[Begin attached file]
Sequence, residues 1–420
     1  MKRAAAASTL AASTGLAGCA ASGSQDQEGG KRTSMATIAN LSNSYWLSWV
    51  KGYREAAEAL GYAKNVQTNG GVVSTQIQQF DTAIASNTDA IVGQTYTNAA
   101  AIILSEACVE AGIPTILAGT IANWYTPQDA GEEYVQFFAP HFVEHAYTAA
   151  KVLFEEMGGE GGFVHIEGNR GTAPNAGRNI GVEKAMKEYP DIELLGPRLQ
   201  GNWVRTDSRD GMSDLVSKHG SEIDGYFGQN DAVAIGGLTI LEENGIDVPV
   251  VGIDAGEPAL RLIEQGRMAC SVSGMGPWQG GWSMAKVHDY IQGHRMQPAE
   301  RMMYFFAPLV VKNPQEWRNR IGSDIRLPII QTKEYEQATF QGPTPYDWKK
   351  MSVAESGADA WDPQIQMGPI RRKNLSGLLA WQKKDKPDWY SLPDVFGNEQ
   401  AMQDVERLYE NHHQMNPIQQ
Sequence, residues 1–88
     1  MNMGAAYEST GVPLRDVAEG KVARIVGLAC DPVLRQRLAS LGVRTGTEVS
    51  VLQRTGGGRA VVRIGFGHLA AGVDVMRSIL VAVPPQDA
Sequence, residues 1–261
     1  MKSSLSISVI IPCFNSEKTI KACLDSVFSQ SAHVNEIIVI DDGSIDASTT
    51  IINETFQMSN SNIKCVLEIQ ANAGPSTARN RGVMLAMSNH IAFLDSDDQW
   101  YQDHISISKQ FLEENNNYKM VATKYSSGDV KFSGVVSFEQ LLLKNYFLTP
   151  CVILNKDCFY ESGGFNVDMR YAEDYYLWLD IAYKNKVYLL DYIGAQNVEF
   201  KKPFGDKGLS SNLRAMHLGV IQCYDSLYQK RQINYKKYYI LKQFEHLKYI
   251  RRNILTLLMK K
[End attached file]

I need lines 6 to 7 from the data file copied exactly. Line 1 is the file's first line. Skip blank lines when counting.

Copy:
   201  GNWVRTDSRD GMSDLVSKHG SEIDGYFGQN DAVAIGGLTI LEENGIDVPV
   251  VGIDAGEPAL RLIEQGRMAC SVSGMGPWQG GWSMAKVHDY IQGHRMQPAE